Monthly Archives: July 2016


It’s been exceptionally hot across the Ohio Valley, as I’m sure it’s been in your part of the country. Temps in the middle to upper 90’s with suffocating humidity and sudden storms, add up to me as being as non-birding as it gets. As the month of August wears on and fall migration really begins to ramp up I’ll start to get out a little more often. Waders are beginning to show up at their usual haunts in some good numbers. Mostly Yellowlegs, Solitary, Pectoral, Stilt, Peeps and Plovers seem to be a good bet if you venture out. And despite the fact I’m not out birding during the hot Summer months as I would be any other time of year, I’m still pretty busy with other bird related projects.

A few years ago Jon and myself were taking the whole day and do some birding at Deer Creek State Park, which is located southwest of Columbus Ohio. It was late summer, early fall and were trudging along carrying our our spotting scopes over our shoulders with our bins around our necks. After a while one of us commented about the need for some kind of backpack device so you could just carry your scope on  your back, which in turn would free up a hand, plus reduce fatigue on your shoulders.

Well after procrastinating for more than a year we’re getting one. Jon texted me a week ago and told me that his wife and mother-in-law were in England on vacation and they found Scopacs. A product manufactured in England and the perfect solution for our nagging shoulders after long days in the field. Click the link below to see how it works. I’m pretty excited about adding this to my arsenal of birding paraphernalia.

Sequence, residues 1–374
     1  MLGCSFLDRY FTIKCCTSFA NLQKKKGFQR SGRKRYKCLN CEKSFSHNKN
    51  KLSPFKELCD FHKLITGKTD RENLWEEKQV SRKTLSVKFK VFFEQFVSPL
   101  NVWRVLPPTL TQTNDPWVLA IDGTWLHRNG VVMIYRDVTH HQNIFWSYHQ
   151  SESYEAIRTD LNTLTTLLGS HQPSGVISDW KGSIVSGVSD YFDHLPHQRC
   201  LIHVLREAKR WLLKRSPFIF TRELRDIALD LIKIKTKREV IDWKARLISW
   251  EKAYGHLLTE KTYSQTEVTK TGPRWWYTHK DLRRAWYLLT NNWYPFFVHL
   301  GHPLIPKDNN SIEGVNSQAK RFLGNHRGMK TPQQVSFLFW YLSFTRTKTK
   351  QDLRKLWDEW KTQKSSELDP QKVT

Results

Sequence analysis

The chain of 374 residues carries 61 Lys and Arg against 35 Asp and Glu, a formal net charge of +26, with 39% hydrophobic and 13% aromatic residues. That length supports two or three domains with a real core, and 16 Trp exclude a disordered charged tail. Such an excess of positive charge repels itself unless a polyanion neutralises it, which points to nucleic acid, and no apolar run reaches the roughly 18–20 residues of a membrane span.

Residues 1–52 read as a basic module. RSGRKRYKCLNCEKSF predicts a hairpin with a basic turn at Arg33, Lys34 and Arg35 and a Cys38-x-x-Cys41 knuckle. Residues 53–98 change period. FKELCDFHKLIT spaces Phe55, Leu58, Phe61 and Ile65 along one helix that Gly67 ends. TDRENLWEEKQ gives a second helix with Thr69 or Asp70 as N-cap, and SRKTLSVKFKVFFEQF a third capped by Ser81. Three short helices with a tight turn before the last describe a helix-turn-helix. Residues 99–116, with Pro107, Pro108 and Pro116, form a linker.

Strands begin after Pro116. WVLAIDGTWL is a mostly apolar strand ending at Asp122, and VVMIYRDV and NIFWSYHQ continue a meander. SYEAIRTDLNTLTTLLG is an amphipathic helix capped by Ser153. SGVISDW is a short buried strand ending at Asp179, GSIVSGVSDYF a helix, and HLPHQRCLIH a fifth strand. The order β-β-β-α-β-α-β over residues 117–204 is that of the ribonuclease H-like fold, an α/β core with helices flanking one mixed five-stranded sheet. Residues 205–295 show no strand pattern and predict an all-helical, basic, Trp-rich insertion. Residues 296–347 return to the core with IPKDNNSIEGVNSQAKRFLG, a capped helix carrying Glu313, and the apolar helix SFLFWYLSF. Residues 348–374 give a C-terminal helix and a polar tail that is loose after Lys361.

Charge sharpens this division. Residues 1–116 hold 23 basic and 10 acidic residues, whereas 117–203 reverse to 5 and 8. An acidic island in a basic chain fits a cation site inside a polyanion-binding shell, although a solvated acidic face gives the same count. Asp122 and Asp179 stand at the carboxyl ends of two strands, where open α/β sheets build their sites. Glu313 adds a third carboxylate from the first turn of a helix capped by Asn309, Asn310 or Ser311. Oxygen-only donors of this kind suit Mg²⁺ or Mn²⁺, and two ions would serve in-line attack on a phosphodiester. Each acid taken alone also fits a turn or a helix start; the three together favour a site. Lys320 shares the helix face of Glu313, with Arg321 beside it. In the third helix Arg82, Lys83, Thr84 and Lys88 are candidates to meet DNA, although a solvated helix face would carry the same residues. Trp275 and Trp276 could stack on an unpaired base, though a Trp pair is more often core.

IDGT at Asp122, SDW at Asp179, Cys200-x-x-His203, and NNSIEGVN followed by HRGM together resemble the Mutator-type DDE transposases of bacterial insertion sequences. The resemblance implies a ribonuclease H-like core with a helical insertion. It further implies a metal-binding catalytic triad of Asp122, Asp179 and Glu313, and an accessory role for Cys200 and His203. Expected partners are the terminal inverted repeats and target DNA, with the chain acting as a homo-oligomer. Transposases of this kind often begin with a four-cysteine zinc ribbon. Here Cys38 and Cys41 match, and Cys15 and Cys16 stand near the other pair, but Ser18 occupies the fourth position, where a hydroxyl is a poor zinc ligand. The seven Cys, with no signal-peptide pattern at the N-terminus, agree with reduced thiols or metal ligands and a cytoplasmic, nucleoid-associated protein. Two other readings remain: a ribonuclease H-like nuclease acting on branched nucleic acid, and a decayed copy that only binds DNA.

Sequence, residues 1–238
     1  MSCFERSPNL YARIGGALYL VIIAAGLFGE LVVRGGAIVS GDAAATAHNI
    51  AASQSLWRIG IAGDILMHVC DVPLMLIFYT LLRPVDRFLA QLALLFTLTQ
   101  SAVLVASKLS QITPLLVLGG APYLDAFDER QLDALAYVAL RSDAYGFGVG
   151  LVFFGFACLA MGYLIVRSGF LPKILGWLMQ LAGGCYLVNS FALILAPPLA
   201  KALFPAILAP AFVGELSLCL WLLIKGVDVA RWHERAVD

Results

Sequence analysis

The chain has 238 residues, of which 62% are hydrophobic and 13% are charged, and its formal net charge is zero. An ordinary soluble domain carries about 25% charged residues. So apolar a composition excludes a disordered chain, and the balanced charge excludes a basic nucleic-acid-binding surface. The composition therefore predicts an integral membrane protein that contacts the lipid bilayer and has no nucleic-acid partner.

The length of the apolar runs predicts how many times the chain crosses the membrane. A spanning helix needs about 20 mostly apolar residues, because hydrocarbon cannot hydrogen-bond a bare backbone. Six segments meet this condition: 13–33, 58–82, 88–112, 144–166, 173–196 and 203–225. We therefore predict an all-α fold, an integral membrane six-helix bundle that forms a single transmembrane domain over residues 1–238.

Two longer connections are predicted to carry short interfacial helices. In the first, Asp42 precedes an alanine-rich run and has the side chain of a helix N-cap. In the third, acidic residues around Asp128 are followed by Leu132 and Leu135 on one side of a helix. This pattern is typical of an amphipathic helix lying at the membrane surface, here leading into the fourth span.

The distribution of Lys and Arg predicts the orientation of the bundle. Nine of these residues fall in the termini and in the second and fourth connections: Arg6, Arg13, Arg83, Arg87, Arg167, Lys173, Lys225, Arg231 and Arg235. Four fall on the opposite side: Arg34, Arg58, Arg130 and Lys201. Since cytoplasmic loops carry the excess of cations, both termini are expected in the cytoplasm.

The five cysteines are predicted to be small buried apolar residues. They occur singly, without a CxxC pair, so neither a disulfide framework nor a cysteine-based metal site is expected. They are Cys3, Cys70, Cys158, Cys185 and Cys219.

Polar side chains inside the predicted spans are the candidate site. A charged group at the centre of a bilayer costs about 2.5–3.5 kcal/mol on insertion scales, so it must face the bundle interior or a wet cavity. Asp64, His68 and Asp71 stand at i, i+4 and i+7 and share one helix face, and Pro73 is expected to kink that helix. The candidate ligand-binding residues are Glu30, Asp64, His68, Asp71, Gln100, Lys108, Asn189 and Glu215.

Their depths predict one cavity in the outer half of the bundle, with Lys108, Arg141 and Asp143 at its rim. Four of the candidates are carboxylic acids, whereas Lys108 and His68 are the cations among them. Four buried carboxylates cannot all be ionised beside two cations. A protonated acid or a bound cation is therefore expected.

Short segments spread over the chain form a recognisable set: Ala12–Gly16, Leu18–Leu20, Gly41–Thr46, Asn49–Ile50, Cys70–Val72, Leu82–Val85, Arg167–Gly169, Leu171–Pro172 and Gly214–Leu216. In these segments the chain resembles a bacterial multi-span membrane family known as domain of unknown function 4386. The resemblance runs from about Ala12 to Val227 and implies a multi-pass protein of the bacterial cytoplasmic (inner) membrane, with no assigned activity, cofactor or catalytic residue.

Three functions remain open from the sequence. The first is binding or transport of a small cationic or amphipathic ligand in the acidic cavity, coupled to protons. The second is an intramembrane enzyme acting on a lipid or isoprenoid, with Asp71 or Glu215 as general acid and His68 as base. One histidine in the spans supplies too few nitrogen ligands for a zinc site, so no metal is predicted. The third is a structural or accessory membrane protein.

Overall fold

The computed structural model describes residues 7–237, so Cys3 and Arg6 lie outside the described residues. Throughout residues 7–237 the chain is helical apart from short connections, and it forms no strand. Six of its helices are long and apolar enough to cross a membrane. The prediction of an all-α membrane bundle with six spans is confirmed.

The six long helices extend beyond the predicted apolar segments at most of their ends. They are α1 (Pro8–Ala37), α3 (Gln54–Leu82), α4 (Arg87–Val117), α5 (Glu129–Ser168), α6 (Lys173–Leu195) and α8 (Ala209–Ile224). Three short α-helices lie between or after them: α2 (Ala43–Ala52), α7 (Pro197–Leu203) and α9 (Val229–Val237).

Scopac Lite

However the big news comes towards the end of the month when my wife and I go on a much needed vacation. And I’m going to a part of the country I’ve never been before. The west coast.

We’re flying in San Francisco, rent a car and point it north. Our nephew who lives north of the city will be our guide the first couple of days as I check out Point Reyes National Seashore. For 2 beautiful weeks we’ll be traveling to Redwoods and Olympic National Parks, with stops along the way to visit Portland and do a pelagic trip in the San Juan Islands of Puget Sound as we home base out of Port Angles Washington.

Somehow I feel this trip, from a birders perspective, will be right up there with my trip to the Rio Grande Valley Birding Festival. All new birds and plenty of them to help boost my life list closer to 500 species.

It’s a big trip with loads of planning to take care of, and field guide studying to do. However between now and then I’ll try to get in some much need birding so I can keep my skills sharp.

More to come.

“Notes From The Field”

“Oakes Quarry Park”

The present site Oakes Quarry Park was originally a surface mined in 1929 for limestone to make cement by Southwestern Portland Cement Company and Southdown Inc. before it was sold to the Oakes family in the 1990’s. The family finally donated the 190 acre property to the City of Fairborn in 2003. It’s the city’s second largest park with hiking and horse trails that crisscross the ancient limestone fossils exposed by the mining activity that formed the quarry. Through the hard work of the volunteers at the Beaver Creek Wetlands Association, and with funding from Clean Ohio Conservation Fund, they’re now developing prairies and wetlands that were once common in this area.